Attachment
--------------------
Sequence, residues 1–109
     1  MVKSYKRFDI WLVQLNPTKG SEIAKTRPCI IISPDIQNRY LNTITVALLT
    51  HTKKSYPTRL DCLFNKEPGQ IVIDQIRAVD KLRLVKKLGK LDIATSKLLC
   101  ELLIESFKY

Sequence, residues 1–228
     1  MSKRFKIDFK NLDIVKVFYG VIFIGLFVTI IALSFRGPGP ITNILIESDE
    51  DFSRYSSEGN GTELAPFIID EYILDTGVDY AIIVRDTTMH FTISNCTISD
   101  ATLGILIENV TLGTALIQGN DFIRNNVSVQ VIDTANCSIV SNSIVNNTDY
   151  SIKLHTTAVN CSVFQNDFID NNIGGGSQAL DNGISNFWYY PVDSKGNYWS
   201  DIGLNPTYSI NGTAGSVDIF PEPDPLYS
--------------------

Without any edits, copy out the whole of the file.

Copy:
Sequence, residues 1–109
     1  MVKSYKRFDI WLVQLNPTKG SEIAKTRPCI IISPDIQNRY LNTITVALLT
    51  HTKKSYPTRL DCLFNKEPGQ IVIDQIRAVD KLRLVKKLGK LDIATSKLLC
   101  ELLIESFKY

Sequence, residues 1–228
     1  MSKRFKIDFK NLDIVKVFYG VIFIGLFVTI IALSFRGPGP ITNILIESDE
    51  DFSRYSSEGN GTELAPFIID EYILDTGVDY AIIVRDTTMH FTISNCTISD
   101  ATLGILIENV TLGTALIQGN DFIRNNVSVQ VIDTANCSIV SNSIVNNTDY
   151  SIKLHTTAVN CSVFQNDFID NNIGGGSQAL DNGISNFWYY PVDSKGNYWS
   201  DIGLNPTYSI NGTAGSVDIF PEPDPLYS